Sunday, July 18, 2010
Donald Kirby Ross (December 8, 1910 – May 27, 1992) was an officer of the United States Navy who received the first Medal of Honor of World War II. This award was made for his actions during the Japanese attack on Pearl Harbor in 1941.
Donald Ross was born on December 8, 1910 in Beverly, Kansas. He enlisted in the U.S. Navy in Denver, Colorado on June 3, 1929 and graduated as company honorman from basic training, San Diego, Calif.. He completed Machinist Mate School, Norfolk, Virginia first in his class and was assigned to the USS Henderson on a China service run.
While serving aboard the hospital ship Relief, Ross saw his first action (with the U.S. Marines) in Nicaragua in 1931. Advancing through the rates on the minesweeper Brant, destroyer Simpson and cruiser Minneapolis, he attained the rank of Warrant Officer Machinist in October 1940, and was assigned to the battleship USS Nevada.
During the December 7, 1941 Japanese air raid on Pearl Harbor, Nevada was badly damaged by bombs and torpedoes. Ross distinguished himself by assuming responsibility to furnish power to get the ship underway — the only battleship to do so during the Japanese attack.
He was presented the Medal of Honor by Admiral Chester Nimitz on April 18, 1942, becoming the first World War II recipient of the Medal.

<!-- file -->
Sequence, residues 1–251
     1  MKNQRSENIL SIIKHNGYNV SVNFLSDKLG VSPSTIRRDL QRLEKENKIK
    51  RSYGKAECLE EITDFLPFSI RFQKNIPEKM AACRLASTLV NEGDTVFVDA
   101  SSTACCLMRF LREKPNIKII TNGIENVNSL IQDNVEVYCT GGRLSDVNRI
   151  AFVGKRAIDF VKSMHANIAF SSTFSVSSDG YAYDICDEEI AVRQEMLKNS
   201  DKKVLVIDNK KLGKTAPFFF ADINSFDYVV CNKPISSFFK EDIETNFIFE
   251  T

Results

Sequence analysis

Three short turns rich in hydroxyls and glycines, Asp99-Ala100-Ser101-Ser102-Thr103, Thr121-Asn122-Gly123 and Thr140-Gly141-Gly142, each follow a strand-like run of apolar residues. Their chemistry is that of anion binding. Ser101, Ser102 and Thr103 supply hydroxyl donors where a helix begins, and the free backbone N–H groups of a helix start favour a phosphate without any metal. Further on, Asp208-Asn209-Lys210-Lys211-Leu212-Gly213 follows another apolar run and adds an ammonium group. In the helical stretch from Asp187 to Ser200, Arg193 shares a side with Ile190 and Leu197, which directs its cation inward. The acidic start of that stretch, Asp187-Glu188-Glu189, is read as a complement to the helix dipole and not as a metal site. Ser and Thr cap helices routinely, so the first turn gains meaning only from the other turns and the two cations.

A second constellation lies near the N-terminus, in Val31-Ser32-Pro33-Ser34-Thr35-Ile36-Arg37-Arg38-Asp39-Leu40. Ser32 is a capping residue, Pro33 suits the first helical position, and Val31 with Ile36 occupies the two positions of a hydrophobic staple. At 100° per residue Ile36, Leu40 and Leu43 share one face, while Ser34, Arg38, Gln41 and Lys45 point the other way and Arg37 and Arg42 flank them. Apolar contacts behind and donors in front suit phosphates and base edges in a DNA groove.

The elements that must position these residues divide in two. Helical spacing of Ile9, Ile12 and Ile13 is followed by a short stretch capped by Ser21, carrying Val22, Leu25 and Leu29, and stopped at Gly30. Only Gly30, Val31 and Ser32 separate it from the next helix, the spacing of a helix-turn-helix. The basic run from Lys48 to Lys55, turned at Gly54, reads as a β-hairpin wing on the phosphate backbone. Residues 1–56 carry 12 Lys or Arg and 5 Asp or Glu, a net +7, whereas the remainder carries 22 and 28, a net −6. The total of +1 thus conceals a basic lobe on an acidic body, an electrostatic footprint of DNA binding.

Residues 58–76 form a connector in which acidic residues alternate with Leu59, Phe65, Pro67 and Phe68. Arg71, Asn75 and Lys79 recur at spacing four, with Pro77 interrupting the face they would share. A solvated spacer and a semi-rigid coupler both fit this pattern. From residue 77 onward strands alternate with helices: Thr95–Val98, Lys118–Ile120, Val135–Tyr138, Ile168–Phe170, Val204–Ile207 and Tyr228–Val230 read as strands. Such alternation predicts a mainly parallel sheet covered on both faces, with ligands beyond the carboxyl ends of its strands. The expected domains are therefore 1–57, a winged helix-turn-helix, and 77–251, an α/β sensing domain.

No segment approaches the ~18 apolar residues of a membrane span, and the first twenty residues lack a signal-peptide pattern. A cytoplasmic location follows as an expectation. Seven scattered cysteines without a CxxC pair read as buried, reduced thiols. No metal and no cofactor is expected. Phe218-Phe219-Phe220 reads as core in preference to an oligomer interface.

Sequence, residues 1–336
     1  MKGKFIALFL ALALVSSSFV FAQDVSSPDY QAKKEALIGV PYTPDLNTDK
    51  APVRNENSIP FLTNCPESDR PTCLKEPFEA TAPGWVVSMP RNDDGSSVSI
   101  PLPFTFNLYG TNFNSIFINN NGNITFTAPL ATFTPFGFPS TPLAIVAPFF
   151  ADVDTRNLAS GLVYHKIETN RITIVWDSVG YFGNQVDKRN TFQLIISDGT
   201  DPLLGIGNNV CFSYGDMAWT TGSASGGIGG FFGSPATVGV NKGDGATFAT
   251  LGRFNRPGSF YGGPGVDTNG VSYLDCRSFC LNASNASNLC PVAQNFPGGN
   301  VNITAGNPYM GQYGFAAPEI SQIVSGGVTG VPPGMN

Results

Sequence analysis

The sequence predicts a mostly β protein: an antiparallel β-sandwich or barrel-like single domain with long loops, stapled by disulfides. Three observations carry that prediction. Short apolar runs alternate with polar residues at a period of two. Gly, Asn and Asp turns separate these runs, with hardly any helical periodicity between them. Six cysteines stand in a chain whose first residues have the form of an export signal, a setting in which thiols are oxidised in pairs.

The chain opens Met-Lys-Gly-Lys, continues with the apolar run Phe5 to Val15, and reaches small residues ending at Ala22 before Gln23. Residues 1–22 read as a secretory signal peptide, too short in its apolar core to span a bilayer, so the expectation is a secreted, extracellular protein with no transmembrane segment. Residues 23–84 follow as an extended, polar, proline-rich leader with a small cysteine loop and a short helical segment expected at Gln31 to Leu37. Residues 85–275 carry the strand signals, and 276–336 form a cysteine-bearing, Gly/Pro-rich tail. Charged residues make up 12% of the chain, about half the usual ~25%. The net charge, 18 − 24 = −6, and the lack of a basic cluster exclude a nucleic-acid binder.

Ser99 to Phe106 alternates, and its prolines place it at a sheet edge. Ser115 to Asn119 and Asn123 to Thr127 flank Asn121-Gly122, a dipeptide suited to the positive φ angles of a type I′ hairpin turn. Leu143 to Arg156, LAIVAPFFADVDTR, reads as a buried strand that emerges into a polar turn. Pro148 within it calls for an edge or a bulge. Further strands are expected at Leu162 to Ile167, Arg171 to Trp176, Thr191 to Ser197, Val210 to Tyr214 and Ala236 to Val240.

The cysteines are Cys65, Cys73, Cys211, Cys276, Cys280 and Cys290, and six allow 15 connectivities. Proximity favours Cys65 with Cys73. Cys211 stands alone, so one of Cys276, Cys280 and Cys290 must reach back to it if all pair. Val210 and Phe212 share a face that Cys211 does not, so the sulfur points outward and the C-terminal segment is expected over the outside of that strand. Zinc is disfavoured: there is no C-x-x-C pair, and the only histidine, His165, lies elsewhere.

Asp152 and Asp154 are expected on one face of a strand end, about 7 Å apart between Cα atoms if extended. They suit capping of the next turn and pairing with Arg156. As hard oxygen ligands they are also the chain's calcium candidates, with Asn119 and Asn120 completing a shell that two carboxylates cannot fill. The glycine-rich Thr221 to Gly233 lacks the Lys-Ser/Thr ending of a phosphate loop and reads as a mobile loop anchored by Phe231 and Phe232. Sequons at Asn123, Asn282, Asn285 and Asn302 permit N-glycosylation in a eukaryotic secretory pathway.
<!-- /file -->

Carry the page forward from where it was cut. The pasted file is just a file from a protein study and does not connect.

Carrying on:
Ross was promoted to Chief Machinist in March 1942 and was commissioned an Ensign in June 1942. Later in the war, he also participated in the landings at Normandy and Southern France.
He rose steadily in temporary rank to Lieutenant Commander by the end of the war, reverting to Lieutenant at its conclusion. He again received promotion to Lieutenant Commander in 1949 and to Commander in November 1954. Upon his retirement from active duty in July 1956, after twenty-seven years' of service aboard every type of surface ship then afloat, he was promoted to Captain on the basis of his combat awards.
Making his home in Washington state after leaving the Navy, Captain Ross was active in farm life and community affairs, and in perpetuating the memory of the Pearl Harbor attack, which he described as "not a story about a defeat. It's a story about a job well done". He wrote a book about his fellow Medal of Honor recipients — Men of Valor — published in 1994.
He attended 50th Anniversary ceremonies at Pearl Harbor on December 7, 1991, during which a memorial was dedicated to his old ship, the USS Nevada.
Captain Donald K. Ross died at Bremerton, Washington, on May 27, 1992. His ashes were scattered at sea over the USS Nevada.
Medal of Honor Citation
Rank and organization: Machinist, U.S. Navy, U.S.S. Nevada. Place and date: Pearl Harbor, Territory of Hawaii, 7 December 1941. Entered service at: Denver, Colo. Born: 8 December 1910, Beverly, Kans. Citation: For distinguished conduct in the line of his profession, extraordinary courage and disregard of his own life during the attack on the Fleet in Pearl Harbor, Territory of Hawaii, by Japanese forces on 7 December 1941. When his station in the forward dynamo room of the U.S.S. Nevada became almost untenable due to smoke, steam, and heat, Machinist Ross forced his men to leave that station and performed all the duties himself until blinded and unconscious. Upon being rescued and resuscitated, he returned and secured the forward dynamo room and proceeded to the after dynamo room where he was later again rendered unconscious by exhaustion. Again recovering consciousness he returned to his station where he remained until directed to abandon it.